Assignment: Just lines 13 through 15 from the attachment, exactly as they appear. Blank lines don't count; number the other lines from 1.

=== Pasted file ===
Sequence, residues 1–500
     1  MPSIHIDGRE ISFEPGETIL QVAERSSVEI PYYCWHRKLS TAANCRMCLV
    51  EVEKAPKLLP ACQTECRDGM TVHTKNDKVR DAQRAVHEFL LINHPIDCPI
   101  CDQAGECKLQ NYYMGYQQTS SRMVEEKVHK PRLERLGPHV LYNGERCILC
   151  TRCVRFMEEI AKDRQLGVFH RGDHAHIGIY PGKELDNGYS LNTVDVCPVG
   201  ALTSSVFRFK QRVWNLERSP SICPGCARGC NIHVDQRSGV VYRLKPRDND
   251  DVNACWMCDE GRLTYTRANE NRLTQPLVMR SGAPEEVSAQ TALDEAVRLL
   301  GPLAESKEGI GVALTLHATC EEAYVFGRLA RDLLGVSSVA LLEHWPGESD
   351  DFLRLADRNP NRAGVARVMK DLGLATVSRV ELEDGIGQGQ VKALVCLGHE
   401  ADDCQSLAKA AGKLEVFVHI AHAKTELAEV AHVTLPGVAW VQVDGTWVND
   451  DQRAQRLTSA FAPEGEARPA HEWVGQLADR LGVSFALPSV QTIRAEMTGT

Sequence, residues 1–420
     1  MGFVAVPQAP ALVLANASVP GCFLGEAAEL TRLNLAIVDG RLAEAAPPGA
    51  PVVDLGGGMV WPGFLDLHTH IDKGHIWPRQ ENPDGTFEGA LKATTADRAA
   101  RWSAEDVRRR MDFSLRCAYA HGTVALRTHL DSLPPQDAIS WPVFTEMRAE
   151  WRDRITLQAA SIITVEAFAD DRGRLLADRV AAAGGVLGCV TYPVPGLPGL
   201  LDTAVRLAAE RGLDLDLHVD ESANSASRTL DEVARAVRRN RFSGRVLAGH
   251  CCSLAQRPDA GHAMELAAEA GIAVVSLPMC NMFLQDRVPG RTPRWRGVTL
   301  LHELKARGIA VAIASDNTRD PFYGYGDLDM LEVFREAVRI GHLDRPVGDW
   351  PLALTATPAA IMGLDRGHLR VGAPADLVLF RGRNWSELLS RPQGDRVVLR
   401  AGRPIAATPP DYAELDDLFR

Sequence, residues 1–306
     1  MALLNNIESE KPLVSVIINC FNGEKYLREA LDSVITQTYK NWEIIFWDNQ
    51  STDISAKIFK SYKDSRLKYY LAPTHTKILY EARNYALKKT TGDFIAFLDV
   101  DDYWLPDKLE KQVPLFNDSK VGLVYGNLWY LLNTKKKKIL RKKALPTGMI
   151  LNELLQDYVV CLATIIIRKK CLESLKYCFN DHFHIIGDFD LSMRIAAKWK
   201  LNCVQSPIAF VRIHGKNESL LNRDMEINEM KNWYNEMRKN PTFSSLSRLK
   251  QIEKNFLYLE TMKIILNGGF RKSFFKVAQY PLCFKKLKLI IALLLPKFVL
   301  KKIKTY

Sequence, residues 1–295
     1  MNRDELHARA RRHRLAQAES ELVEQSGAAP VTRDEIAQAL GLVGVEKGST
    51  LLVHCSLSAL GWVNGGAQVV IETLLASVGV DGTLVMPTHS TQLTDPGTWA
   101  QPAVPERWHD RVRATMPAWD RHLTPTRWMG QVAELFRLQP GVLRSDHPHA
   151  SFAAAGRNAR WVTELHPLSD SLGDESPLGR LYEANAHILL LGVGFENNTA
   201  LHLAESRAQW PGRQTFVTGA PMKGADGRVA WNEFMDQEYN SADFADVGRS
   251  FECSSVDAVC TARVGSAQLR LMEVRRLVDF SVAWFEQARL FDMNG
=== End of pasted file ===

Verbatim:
     1  MGFVAVPQAP ALVLANASVP GCFLGEAAEL TRLNLAIVDG RLAEAAPPGA
    51  PVVDLGGGMV WPGFLDLHTH IDKGHIWPRQ ENPDGTFEGA LKATTADRAA
   101  RWSAEDVRRR MDFSLRCAYA HGTVALRTHL DSLPPQDAIS WPVFTEMRAE